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Lancaster University

German Studies and Politics

UCAS Code: RL22

Bachelor of Arts (with Honours) - BA (Hons)

Entry requirements


A level

A,B,B

A level German, or if this is to be studied from beginners’ level, AS grade B or A level grade B in another foreign language, or GCSE grade A or 7 in a foreign language. Native German speakers will not be accepted onto this scheme.

Access to HE Diploma

D:30,M:15

alongside appropriate evidence of language ability

International Baccalaureate Diploma Programme

32

with 16 points from the best 3 Higher Level subjects including appropriate evidence of language ability

Pearson BTEC Level 3 National Extended Diploma (first teaching from September 2016)

DDM

accepted alongside appropriate evidence of language ability

UCAS Tariff

128

We've calculated how many Ucas points you'll need for this course.

About this course


Course option

4.0years

Full-time with time abroad | 2020

Subjects

Politics

German studies

Lancaster's joint German Studies and Politics degree is taught by the Department of Languages and Cultures in conjunction with the Department of Politics, Philosophy and Religion.

Your German Studies programme gives you the opportunity to acquire high-level language skills and gain a thorough understanding of the country's historical, cultural, social and political background in a global context. In Politics, you will explore the themes, concepts and events that have shaped the contemporary world.

Your first year comprises an exploration of the German language and its cultural context as well as the core module Politics and the New World, which introduces you to key themes such as the theory and practice of liberal democracy, globalisation and threats to international security. In addition, you will study a minor subject that complements your degree.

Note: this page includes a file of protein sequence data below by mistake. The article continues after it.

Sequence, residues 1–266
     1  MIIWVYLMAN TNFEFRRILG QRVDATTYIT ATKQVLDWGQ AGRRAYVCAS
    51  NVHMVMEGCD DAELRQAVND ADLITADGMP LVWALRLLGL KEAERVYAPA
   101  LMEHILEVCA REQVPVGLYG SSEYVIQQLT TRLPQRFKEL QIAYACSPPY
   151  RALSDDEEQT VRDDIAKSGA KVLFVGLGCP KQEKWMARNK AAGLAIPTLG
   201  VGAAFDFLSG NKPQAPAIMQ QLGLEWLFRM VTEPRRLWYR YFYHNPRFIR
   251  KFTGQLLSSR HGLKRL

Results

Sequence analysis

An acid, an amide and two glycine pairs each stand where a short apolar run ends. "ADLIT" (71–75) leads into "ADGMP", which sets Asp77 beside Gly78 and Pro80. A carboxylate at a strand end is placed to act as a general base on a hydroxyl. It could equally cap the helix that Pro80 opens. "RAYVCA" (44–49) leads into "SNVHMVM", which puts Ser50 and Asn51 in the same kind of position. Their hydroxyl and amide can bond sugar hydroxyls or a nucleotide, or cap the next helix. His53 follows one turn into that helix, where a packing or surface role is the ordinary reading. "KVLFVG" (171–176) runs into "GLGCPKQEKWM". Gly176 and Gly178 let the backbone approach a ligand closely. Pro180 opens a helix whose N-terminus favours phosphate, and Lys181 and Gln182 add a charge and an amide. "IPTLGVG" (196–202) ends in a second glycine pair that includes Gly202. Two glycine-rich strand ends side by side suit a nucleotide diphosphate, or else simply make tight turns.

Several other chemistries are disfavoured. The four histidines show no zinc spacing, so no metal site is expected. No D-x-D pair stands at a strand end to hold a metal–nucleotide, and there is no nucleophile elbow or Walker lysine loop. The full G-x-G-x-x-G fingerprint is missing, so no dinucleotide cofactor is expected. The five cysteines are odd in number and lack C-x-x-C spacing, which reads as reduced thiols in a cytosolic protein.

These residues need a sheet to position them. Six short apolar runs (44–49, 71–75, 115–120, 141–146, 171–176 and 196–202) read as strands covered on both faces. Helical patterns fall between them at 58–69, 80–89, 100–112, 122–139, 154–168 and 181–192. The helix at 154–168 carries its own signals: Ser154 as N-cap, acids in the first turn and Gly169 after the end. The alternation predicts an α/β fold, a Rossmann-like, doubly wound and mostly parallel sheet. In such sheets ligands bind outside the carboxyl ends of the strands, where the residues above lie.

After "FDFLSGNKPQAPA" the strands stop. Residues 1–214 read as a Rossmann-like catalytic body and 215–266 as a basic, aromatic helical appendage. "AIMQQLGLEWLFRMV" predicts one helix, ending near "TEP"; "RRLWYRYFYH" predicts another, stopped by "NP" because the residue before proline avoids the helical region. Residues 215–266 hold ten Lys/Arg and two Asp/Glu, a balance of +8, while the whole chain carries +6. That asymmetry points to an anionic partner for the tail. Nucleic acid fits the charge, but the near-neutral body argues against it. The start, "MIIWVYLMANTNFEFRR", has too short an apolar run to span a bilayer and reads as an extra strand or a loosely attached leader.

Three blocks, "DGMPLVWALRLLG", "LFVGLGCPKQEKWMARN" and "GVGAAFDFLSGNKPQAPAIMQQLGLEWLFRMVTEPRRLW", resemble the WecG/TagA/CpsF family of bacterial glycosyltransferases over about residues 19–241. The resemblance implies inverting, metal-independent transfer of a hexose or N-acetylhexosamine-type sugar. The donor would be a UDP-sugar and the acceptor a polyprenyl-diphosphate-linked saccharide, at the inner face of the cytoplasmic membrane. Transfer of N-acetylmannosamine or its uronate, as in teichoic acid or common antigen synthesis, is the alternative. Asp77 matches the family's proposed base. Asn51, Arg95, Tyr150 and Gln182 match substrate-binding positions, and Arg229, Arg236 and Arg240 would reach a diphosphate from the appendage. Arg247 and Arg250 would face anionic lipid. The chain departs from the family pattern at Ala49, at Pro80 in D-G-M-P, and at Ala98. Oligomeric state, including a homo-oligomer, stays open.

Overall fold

Building on your language skills in Year 2, you will study the culture, politics and history of Germany and Austria in more depth, as well as selecting modules which are international in scope and promote a comparative understanding of Europe and beyond.

In the second and fourth year students will be able to choose from a broad range of options, such as Politics and History of the Middle East; International Relations, Security and Sustainability; Politics of Development and Global Changes; Understanding Key Economic Concepts; Issues in Contemporary Politics and Philosophy. For more details and options, please see the PPR department website.

Spending your third year abroad in a German-speaking country gives you the opportunity to develop your language proficiency while deepening your intercultural sensitivity. You can study at a partner institution or conduct a work placement.

In your final year, you consolidate your German language skills, and study specialist culture and comparative modules, such as Autocrats, Caudillos and Big Men: Understanding Dictatorship and its Cultural Representation in the 20th Century.

Tuition fees

Select where you currently live to see what you'll pay:

England
£9,250
per year
EU
£9,250
per year
Northern Ireland
£9,250
per year
Scotland
£9,250
per year
Wales
£9,250
per year

The Uni


Course location:

Lancaster University

Department:

Languages and Cultures

TEF rating:
Read full university profile

What students say


We've crunched the numbers to see if overall student satisfaction here is high, medium or low compared to students studying this subject(s) at other universities.

84%
high
Politics

How do students rate their degree experience?

The stats below relate to the general subject area/s at this university, not this specific course. We show this where there isn’t enough data about the course, or where this is the most detailed info available to us.

Politics

Teaching and learning

90%
Staff make the subject interesting
92%
Staff are good at explaining things
90%
Ideas and concepts are explored in-depth
73%
Opportunities to apply what I've learned

Assessment and feedback

Feedback on work has been timely
Feedback on work has been helpful
Staff are contactable when needed